From a source close to the Perry campaign comes this e-mail about the methodology used by Survey USA in determining that the governor’s approval rating has slipped by 9 points since the previous poll. (See “Poll Axed,” August 22, below). This will not be entirely new to dedicated readers, both of you, who will remember that I previously criticized the methodology of both the Survey USA and Zogby/Wall Street Journal polls along similar but far less sophisticated lines.
“Survey USA uses auto-dialers whereby they make calls into Texas until an arbitrary number of calls have been answered. This is obviously flawed and will not allow an accurate representative sample of the state. Using this flawed system, Survey USA apparently believes 50% of all Texans live in East Texas and the state is evenly divided according to party affiliation (37%-34%). Both of which we know are not true. Another example is that, according to the sample used in the poll, Survey USA believes that 18-34 year olds are just as likely to vote as Texans 35-54 years old and MORE likely to vote than folks over 55. This is simply not true. Also, this is a poll of adults, not likely voters or even registered voters, so their demographics are messed up. They also believe that the majority of Texans are pro-choice when polls consistently say Texas is solidly pro-life. Also, this poll swings wildly month to month, which is a telltale sign of problems with methodology. For these reasons, not many media outlets use this poll anymore.”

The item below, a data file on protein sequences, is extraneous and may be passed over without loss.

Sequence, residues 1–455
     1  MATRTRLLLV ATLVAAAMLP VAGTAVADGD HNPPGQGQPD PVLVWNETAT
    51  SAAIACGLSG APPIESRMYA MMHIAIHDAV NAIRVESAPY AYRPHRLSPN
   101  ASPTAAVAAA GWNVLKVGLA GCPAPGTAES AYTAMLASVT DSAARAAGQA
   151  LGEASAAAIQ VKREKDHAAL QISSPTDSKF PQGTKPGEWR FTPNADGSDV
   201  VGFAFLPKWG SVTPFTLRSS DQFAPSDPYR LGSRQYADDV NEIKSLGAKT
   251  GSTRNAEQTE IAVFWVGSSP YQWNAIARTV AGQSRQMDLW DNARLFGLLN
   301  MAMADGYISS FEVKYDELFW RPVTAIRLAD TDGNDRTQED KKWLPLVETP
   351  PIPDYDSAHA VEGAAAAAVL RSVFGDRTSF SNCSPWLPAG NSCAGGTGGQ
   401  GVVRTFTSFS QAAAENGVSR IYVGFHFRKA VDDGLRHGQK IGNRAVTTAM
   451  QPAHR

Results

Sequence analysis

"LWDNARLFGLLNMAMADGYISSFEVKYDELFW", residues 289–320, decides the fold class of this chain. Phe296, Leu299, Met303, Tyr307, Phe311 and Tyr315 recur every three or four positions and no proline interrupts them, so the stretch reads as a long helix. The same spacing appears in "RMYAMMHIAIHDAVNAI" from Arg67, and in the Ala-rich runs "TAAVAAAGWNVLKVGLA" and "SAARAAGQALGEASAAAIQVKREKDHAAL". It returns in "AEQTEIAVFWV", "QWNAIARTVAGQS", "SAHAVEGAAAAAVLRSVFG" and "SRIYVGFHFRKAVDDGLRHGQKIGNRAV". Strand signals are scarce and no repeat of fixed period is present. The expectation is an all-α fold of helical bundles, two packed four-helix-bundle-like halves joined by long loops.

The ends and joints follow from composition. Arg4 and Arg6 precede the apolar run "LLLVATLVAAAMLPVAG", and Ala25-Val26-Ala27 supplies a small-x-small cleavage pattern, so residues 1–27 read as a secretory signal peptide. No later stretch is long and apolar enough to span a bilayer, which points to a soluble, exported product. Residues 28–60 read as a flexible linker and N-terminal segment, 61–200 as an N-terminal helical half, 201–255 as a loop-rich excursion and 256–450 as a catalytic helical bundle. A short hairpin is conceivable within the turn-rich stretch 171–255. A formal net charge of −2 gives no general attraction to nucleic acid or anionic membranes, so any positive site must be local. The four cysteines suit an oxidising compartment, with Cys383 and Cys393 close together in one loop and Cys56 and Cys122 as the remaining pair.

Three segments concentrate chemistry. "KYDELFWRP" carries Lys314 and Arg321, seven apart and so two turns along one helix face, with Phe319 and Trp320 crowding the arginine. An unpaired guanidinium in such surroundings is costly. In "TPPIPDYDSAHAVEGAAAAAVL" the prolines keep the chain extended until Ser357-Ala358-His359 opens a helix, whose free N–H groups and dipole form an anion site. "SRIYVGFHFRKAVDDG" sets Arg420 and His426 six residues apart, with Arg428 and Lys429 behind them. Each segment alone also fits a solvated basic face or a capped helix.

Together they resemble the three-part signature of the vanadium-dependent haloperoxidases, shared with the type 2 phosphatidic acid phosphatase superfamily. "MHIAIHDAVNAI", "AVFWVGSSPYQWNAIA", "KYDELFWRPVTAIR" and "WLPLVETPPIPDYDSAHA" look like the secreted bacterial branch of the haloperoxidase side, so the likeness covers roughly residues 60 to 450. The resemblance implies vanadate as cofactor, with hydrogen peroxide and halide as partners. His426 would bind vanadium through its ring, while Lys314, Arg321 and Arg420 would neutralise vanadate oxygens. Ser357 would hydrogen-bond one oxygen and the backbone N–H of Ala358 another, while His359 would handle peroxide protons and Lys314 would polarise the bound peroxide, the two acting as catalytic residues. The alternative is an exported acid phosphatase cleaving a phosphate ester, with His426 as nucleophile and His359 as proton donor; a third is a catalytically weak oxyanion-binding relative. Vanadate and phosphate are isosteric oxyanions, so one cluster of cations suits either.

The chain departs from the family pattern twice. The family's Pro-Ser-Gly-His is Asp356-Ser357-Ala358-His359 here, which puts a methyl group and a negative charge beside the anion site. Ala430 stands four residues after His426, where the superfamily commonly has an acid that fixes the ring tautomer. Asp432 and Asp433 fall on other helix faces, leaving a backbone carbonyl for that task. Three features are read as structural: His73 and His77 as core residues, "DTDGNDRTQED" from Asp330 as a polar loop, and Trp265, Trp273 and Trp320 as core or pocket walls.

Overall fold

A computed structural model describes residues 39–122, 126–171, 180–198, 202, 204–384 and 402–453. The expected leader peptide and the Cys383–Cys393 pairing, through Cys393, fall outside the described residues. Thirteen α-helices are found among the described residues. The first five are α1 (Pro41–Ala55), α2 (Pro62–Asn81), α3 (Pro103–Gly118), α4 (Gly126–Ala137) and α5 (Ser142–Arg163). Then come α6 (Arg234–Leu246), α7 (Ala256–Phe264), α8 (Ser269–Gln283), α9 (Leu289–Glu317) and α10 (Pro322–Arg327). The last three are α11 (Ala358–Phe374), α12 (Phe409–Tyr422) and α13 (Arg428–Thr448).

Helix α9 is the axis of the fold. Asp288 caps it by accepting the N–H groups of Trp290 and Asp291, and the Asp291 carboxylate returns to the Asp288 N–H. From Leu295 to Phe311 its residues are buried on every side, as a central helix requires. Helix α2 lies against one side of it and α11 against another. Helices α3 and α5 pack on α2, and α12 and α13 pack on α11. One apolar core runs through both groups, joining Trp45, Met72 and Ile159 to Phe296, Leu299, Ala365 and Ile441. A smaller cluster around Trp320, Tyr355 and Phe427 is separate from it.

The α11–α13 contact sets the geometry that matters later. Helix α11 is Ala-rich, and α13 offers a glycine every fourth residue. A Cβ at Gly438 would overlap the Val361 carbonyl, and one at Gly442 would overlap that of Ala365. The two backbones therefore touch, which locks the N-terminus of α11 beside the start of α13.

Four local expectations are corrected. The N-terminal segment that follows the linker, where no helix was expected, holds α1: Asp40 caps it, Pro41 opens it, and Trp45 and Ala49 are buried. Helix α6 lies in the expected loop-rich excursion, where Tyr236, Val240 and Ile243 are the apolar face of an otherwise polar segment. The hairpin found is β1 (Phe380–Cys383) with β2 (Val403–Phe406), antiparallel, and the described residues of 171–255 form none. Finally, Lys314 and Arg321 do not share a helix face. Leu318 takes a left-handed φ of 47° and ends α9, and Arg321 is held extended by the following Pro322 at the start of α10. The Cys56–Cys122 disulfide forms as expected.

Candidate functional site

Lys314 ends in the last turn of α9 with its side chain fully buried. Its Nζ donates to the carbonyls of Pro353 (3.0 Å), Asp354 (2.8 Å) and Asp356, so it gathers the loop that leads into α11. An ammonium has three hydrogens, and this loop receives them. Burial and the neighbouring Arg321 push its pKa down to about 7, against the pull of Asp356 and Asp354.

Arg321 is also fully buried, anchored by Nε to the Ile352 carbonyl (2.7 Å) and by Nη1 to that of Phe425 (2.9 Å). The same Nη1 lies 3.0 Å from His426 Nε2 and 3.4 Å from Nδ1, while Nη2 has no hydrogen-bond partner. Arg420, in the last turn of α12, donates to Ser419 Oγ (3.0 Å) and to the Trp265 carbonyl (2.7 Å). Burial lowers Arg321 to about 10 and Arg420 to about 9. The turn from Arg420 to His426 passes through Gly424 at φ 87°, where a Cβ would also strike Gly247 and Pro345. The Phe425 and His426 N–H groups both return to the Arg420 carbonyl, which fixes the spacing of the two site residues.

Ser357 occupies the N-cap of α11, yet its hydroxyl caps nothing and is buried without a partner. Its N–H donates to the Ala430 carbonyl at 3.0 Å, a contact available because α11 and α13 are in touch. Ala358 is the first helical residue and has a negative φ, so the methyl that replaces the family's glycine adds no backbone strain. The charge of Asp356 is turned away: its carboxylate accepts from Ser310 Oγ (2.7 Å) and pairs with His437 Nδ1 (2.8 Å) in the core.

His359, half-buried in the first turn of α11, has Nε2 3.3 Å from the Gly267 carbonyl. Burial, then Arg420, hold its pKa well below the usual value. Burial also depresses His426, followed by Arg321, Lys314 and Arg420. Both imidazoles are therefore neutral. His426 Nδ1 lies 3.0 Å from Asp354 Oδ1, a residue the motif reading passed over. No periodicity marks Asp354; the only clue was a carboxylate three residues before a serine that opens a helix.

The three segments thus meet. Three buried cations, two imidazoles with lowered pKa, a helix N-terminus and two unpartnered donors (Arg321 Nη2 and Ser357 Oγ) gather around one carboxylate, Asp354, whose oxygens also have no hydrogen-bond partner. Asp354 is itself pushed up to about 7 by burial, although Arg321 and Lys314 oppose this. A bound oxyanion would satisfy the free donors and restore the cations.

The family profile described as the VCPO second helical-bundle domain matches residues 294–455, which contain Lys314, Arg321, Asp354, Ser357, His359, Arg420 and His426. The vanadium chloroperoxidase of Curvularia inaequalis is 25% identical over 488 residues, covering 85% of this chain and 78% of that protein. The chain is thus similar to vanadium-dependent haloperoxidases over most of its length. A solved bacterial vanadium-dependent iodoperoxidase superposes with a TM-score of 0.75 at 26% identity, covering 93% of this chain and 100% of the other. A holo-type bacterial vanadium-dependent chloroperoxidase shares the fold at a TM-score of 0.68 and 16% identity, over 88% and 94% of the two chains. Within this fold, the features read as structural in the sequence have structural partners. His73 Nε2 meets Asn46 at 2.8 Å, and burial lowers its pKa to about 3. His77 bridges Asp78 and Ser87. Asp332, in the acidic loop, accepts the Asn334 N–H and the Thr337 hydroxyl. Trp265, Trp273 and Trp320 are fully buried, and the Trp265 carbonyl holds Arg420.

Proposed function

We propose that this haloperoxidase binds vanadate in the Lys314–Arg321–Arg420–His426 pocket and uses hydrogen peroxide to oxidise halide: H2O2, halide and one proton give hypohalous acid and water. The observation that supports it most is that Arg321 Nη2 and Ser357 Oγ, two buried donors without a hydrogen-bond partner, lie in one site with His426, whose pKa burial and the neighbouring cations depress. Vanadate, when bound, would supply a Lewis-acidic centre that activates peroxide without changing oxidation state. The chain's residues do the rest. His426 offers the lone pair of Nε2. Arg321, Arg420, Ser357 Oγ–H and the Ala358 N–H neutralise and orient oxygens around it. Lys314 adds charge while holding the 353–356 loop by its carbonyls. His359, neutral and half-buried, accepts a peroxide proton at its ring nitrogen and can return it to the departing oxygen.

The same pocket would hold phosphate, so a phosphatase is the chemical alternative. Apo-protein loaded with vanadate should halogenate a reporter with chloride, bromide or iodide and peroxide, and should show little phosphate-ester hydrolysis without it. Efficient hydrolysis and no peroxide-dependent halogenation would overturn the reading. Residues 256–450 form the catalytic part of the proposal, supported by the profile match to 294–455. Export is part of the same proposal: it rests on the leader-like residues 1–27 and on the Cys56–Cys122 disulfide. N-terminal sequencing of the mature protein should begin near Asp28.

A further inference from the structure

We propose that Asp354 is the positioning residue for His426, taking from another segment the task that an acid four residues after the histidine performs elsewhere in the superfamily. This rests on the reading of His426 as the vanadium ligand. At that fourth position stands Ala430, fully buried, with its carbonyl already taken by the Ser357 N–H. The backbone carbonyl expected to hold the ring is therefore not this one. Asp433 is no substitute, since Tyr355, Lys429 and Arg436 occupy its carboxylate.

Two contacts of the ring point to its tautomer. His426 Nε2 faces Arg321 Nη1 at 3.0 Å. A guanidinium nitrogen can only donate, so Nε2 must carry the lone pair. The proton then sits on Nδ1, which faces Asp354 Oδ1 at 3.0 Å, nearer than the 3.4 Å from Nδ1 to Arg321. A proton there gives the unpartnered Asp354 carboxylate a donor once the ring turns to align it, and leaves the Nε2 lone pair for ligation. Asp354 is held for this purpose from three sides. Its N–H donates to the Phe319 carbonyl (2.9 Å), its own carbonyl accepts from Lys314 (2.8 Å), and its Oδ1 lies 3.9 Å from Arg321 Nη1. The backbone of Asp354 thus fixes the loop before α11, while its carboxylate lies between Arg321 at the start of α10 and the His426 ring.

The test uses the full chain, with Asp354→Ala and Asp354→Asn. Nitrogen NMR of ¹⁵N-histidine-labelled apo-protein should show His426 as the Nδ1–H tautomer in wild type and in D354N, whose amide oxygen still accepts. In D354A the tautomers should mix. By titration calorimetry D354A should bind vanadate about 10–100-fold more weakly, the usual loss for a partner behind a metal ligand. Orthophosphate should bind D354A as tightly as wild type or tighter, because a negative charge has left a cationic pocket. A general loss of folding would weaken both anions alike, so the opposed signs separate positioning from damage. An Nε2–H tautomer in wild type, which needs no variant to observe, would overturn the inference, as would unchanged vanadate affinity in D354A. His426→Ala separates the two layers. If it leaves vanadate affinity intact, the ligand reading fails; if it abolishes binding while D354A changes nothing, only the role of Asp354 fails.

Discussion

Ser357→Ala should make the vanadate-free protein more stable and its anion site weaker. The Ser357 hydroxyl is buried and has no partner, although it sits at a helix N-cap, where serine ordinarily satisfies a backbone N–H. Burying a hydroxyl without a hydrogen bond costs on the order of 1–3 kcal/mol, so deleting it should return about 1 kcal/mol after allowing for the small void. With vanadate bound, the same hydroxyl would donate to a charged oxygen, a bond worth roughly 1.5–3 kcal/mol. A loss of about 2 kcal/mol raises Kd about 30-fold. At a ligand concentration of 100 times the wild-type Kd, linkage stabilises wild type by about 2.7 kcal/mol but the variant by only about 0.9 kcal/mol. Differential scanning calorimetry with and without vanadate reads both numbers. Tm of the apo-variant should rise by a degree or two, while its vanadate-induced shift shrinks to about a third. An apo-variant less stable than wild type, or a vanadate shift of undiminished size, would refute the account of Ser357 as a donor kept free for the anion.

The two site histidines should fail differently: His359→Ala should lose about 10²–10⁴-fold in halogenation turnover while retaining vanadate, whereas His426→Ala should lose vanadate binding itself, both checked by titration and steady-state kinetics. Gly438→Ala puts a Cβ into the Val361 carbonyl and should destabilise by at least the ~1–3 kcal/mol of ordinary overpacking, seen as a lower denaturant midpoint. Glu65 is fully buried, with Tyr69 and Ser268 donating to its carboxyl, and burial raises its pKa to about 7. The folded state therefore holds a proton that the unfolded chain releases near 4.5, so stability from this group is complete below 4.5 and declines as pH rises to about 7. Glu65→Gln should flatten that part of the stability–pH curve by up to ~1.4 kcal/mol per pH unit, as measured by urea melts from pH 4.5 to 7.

My response: I agree with everything said here, but writing about bad polls is better than not writing about polls at all. The life of a blogger is hard and unappreciated, and I am grateful for anything to fill the space.
While I am giving the Perry folks their say, I should correct an error I made earlier in saying that Perry, along with Tom DeLay, could have avoided the mess in Congressional District 22 by calling a special election. That, of course, is wrong; the special election winner would have served only to fill out DeLay’s term. In a previous post, I had said that if the special election had been called, a court might have allowed the winner, if a Republican, to replace DeLay on the ballot. While that can’t be considered an error, it sure doesn’t seem very likely, in retrospect. I withdraw the comment.